Volume 74, Number 54 | May 18 - 24 , 2005

Villager photo by Robert Stolarik

Eric Oxendine in Jefferson Market Garden

Jammed with Jimi, he now plays at Jefferson Market

By Greg Paulos

In the early evening on Wednesdays and Saturdays, Eric Oxendine can be found playing guitar for a small group of people at Jefferson Market Garden in Greenwich Village. His concerts will resume this July after a winter hiatus.

The soft music, tranquil pond and tall trees provide an unexpected contrast to the bustle just outside the old iron gates of the park: post-work commuters angrily pushing their way home, the motley crowd waiting for a cheap dog at Gray’s Papaya, frazzled shoe-shoppers coming off Eighth St.

With his 60-year-old frame, Oxendine himself provides another contrast: his classical musician present to his rock-and-roll past. He has played bass with acts ranging from Jimi Hendrix to Van Morrison, in historic venues from Royal Albert Hall to Madison Square Garden, before crowds of more than 100,000 people. That’s Oxendine on bass on the radio-play version of “Brown-eyed Girl.”

On one night last fall, however, a crowd of about 10 people lay across the garden’s lawn, in various states of consciousness, listening to Oxendine’s peaceful fingerpicking. He played mostly classical music, on an acoustic steel-string guitar slightly amplified through a vintage Fender tube amp. An extension cord from the greenhouse provided the needed electricity. As Oxendine quietly ended a song, light clapping was drowned out by angry honking from a taxi on Sixth Ave.

Slowly, almost imperceptibly, his next song morphed into an instrumental “Hey Joe.” A young punk who had been dozing on the lawn bolted upright in recognition and started groggily nodding his head. Two older Asian ladies who were admiring the fish in the pond left. Oxendine finished with as searing a solo as you can get on an acoustic guitar. This time the applause was slightly louder.

“Classical ‘Hey Joe!’ ” He cried out to the crowd.

George, an older park volunteer who monitors the donation table, described a time when one of Oxendine’s old partners in rock and roll dropped in unexpectedly.

“This real dapper guy runs in here accompanied by a 20-year-old blonde, and says ‘I saw the sign out there! Is that Eric?’ ”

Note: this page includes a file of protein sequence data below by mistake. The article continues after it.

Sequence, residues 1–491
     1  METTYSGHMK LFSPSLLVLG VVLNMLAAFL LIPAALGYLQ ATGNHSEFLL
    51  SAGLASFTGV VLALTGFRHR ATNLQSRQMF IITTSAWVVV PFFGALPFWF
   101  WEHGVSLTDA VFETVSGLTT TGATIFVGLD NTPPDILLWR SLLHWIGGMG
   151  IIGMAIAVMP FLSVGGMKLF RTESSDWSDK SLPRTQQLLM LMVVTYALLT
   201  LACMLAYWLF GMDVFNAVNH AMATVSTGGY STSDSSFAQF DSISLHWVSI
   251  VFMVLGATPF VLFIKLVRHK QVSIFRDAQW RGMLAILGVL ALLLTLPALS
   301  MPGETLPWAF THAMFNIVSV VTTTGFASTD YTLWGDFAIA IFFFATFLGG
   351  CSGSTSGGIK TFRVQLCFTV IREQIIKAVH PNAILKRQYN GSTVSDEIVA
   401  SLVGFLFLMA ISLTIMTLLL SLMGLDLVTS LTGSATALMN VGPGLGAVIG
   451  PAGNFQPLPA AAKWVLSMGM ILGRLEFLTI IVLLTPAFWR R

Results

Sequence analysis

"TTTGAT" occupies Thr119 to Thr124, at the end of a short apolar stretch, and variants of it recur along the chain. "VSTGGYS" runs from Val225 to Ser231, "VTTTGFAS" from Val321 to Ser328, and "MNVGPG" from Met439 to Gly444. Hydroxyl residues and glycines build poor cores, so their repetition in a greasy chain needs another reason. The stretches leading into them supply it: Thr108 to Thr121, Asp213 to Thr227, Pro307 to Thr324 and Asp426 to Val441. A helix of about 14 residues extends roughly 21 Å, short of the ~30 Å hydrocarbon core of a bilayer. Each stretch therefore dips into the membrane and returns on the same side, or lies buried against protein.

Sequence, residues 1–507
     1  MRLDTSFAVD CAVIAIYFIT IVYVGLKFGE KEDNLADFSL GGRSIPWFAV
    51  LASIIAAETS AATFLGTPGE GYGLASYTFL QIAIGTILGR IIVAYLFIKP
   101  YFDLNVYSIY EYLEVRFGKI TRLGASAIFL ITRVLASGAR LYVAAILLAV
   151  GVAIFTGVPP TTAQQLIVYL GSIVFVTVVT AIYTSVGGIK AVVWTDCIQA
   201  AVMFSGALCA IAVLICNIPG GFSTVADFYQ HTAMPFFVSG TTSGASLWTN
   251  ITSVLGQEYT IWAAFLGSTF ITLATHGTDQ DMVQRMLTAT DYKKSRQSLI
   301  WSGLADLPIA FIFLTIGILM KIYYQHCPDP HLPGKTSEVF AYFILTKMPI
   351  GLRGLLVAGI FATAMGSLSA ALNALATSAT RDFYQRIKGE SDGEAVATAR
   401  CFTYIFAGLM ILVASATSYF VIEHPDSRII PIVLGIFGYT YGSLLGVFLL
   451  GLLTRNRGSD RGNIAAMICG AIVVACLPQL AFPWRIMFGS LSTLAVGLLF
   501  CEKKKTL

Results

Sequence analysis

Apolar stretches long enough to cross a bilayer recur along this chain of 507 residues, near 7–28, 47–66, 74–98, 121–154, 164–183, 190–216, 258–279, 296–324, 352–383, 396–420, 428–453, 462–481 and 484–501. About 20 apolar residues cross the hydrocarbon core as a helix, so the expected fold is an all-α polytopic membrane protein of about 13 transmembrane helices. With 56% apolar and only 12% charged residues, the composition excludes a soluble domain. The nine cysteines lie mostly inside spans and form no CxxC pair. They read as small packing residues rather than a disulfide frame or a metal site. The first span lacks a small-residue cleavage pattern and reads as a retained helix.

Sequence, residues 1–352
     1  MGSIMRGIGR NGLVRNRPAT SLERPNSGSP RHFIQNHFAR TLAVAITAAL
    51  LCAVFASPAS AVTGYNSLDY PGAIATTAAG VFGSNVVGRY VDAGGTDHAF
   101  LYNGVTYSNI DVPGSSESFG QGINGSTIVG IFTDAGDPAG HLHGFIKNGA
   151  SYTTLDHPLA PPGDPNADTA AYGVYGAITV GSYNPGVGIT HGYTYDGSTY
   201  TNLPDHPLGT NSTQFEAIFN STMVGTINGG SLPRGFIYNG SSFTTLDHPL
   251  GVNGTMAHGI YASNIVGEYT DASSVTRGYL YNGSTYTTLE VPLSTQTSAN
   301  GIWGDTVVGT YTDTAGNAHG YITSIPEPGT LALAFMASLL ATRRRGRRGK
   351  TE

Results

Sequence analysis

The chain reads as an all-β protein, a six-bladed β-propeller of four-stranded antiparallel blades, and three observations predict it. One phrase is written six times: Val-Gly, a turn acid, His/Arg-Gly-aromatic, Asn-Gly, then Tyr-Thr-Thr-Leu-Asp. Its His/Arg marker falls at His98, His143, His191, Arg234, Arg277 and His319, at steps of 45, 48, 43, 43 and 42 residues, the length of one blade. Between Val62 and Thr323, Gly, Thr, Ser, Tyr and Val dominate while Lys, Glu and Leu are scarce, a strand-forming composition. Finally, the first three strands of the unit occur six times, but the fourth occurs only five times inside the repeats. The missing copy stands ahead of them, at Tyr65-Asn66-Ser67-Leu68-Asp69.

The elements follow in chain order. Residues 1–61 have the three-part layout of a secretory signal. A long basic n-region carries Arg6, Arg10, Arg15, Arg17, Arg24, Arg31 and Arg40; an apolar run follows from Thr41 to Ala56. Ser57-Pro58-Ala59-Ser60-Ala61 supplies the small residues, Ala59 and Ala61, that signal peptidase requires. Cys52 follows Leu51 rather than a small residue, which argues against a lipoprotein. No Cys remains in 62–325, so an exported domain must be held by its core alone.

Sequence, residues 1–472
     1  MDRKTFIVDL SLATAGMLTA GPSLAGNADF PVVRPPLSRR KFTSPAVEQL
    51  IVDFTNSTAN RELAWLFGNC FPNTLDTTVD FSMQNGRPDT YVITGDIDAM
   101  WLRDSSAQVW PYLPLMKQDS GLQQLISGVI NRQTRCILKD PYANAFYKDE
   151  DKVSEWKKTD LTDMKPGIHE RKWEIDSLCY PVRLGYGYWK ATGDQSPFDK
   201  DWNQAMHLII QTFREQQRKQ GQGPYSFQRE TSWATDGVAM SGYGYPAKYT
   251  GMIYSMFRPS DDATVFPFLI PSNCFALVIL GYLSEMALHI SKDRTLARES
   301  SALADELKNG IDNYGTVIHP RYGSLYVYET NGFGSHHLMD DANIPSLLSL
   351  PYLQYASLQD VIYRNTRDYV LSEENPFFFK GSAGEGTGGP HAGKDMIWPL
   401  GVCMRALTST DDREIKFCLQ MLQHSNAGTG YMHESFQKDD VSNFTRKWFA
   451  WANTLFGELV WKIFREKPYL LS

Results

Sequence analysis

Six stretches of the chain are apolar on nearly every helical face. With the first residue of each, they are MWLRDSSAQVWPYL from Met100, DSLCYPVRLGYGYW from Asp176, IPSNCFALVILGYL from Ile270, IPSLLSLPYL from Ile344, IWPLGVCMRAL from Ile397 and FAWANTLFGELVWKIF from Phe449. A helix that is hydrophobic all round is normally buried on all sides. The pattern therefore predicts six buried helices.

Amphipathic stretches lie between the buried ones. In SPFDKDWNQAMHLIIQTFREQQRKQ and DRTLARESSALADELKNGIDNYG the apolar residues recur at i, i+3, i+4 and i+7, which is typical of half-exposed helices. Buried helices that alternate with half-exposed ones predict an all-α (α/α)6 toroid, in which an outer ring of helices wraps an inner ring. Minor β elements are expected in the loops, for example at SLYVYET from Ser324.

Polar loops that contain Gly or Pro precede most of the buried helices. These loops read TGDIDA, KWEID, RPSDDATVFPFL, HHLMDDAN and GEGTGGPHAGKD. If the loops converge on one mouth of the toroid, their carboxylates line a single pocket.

“ ‘Yes,’ ” George recounted himself saying.

The man squinted at Oxendine. “What the hell happened to all his hair?”

Oxendine told his side of the story: “Yeah, that was Denny from Sha-na-na. Man, he was so excited to see me. You see, I used to be the big act, and they use to open for me. People like Hall and Oates used to ask me if I thought they were going to make it.

“This one time,” he continued excitedly, “I played a gig with Ritchie Havens at Shea Stadium, and Janis Joplin also played. After her set she invited us back into her dressing room and gave us all a shot of…um…of…uh….damn! Wait, it’ll come back to me….”

He trailed off, deeply lost in thought. There was an extended moment of silence. “I did a lot of drugs,” he finally said by way of apology. And indeed, his stories included the full range of the ’60s pharmacopoeia. “Hey I’m not going to lie,” he said. “People want to know the truth.”

Michelle, a psychiatrist with a nearby office who often listens to Oxendine’s shows, walked by.

“Hey, Eric!” she said warmly.

“No wait, this is really bothering me,” he said. “Janis gave us this liquor…It was real cheap, but she loved it…uh….”

After playing bass for numerous stars of ’60s and ’70s rock and roll, Oxendine began a solo career in 1978. His songs were inspired by his Native American heritage and he performed at various cultural events. During this time he also studied classical guitar at CUNY. In 1990, he founded a Native American dance and performance ensemble called the Eagle Clan and soon after began to work as a cultural interpreter for the National Museum of the American Indian, located in Downtown Manhattan. While working at N.M.AI., he started to create Native American art objects, which he sold at the gift shop. He continues to create and privately sell his jewelry, medicine shields, flutes, feather work, leatherwork and turtle shell rattles.

Oxendine started his twice-weekly gig in the Jefferson Market Garden about two years ago. He’s lived nearby — in the same apartment on 11th St. — since 1974.

“I’m not a green thumb,” he said, “but I have a musical thumb, so I went to one of their meetings and offered to play.”

He tends to play atmospheric music, responding to the moods of the garden. If a breeze blows it might affect the sound of the music.

Is it hard to play the Jefferson Market Garden after you’ve played Madison Square Garden?

“Well, I did the whole drugs and groupies thing, and there were nights after playing to 100,000 people when I’d come home so full of energy that I’d, you know, be punching the walls and throwing TV’s in the pool. But now, in a place like this, with only a few people, they’re so close, listening so intensely, it can make you even more nervous. It’s the intensity of the people, not the number.”

As the night grew chilly, he quickly finished packing up. A cute, fortyish, redheaded woman from the audience walked up to Oxendine and struck up a conversation. Before long they were walking out together, perhaps indicating that his life hasn’t changed all that much after all.

He stopped suddenly at the exit gate and turned around.

“Southern Comfort!”

Oxendine will start playing guitar in the garden the last Saturday in June and then play Wednesdays and Saturdays from July through September, from 4 p.m.-7 p.m.

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